Anodes

slab tech 1

Works overrated- lets go fishing
Apr 1, 2011
99
74
18
Ferndale
Name
Eric
Boat
Parker 2520 XL
I have been using aluminum anodes all around for the last two years. I was told they last longer and are good in the salt and freshwater. Most of the anodes seem to last quite a while (1 plus year) but the ones on my trim tabs seem to only last about 6 months. I assume this is because they are on stainless steel? They crumble apart. I pull my boat out and trailer home typically unless I plan on fishing every couple of days then I leave on the dock. Is zinc better than aluminum? Would I have stray current possibly even though it’s not affecting the outboard zincs?
 
Last edited:

tacklejacked

Capt./ Ho if I get to drive
Jun 2, 2009
2,584
2,407
113
Seabeck
Name
Greg
Boat
22 Hewescraft Searunner ET HT

This is a good read.

I just stick with zinc.. seems to work good for me on my tin boat.
 

tacklejacked

Capt./ Ho if I get to drive
Jun 2, 2009
2,584
2,407
113
Seabeck
Name
Greg
Boat
22 Hewescraft Searunner ET HT
And that's pretty fast to burn up zinc's in 6 months.. something is hot on your boat. IMO
 

Omakase

Well-Known "Member"
Apr 19, 2009
742
713
93
Kitsap
www.facebook.com
Name
Bob
Boat
24 LaConner
What kind of boat, aluminum or fiberglass? If aluminum hull then keep using aluminum on your trim tabs, hull and outboard. The stainless tabs are kept in check from attacking your hull by the aluminum anodes you are using. If you switch to zinc the tabs will focus more of their galvanic potential against your hull and the hull anodes. If you have a fiberglass hull switching your tab anodes to zinc will be ok.
 

Odin7

Doug Fir
Apr 19, 2008
1,483
1,230
113
Beverly Hills
Name
Elizabeth Warning
Boat
Space Shuttle
My last two boats were glass so I never gave much thought to protecting the hull.

I've been running my Aluminum boat in salt water for the past three years. Is there a particular place on the hull of aluminum boats that gets attacked first?
 

Omakase

Well-Known "Member"
Apr 19, 2009
742
713
93
Kitsap
www.facebook.com
Name
Bob
Boat
24 LaConner
Fiberglass boats don't need hull protection. Aluminum hulls should be equipped with a sacrificial anode, typically on the transom and made of mil spec aluminum which is alloyed to be slightly more reactive than zinc meaning that it will be more protective of your hull than zinc anodes. Aluminum boats that are most susceptible to galvanic corrosion are those with chine extrusions and other non-marine grade alloy components used below the waterline. Those are the areas that pitting will show up first if anodes are not used or are made of zinc. Stainless trim tabs attached directly to hull structure can also cause hull pitting if aluminum hull anodes are not used.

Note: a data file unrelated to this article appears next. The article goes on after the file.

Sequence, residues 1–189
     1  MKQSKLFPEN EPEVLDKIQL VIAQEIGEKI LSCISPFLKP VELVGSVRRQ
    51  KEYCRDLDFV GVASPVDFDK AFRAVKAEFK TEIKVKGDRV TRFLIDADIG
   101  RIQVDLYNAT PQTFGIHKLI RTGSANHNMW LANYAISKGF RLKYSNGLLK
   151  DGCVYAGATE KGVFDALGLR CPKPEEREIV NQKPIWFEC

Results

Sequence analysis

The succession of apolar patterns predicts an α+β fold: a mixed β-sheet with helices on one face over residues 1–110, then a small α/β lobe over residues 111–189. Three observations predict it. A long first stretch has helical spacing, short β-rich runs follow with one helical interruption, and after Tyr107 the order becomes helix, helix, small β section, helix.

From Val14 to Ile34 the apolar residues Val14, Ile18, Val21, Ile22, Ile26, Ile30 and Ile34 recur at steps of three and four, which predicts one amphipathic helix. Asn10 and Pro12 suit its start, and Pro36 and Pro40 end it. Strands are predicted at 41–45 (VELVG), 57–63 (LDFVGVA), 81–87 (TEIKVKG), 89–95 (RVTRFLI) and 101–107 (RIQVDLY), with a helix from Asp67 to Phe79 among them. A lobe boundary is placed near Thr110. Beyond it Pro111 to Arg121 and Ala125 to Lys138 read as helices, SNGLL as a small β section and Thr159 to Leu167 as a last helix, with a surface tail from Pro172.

Last edited:

sgwill122

I've posted enough I should edit this section
Feb 21, 2011
1,685
1,748
113
Redmond/WA/USA
Name
Stephen
Boat
'Lady Karen' 28 Duckworth Offshore

This is a good read.

I just stick with zinc.. seems to work good for me on my tin boat.
Hey Greg do you notice any wear on your Zinc's? You might want to replace them with aluminum anodes as your outboard anodes will probably burn up a lot faster. From what I understand all outboards come with Aluminum anodes and being more reactive than zinc will go first. I did not know anything about aluminum anodes till I read a bunch of Bob's threads @Omakase . My boat came with big welded zinc anodes that I cut off and replaced with aluminum. Mine now show quite a bit of wear even though she is a trailer queen.
 

slab tech 1

Works overrated- lets go fishing
Apr 1, 2011
99
74
18
Ferndale
Name
Eric
Boat
Parker 2520 XL
My boat is fiberglass. Parker 2520 with offshore bracket that is aluminum. The Yamaha anodes are aluminum and they are mounted on similar metal which is why they last several years, but the tabs are not aluminum and I’m assuming that’s why they go quicker. But I have read that you don’t want to use zinc and aluminum. So I was wondering if anyone uses zinc on their outboards instead of aluminum? The offshore bracket also has aluminum anode on it. I suppose it’s doing it’s job anyways and that the tabs react quicker due to the dissimilar materials.
 

LeeMajors

Member
May 20, 2014
259
216
43
Washington
Name
Lee
Boat
40' Tiara 35 Open
I have been using aluminum anodes all around for the last two years. I was told they last longer and are good in the salt and freshwater. Most of the anodes seem to last quite a while (1 plus year) but the ones on my trim tabs seem to only last about 6 months. I assume this is because they are on stainless steel? They crumble apart. I pull my boat out and trailer home typically unless I plan on fishing every couple of days then I leave on the dock. Is zinc better than aluminum? Would I have stray current possibly even though it’s not affecting the outboard zincs?
On my Striper the trim tab anodes always burned the fastest. I preferred that because they were the cheapest and easiest ones to replace.

That said, did I read that correctly that they are burning that quick and you're not moored? If so, you probably have stray current somewhere. Check your wiring and install a galvanic isolater.
 

tacklejacked

Capt./ Ho if I get to drive
Jun 2, 2009
2,584
2,407
113
Seabeck
Name
Greg
Boat
22 Hewescraft Searunner ET HT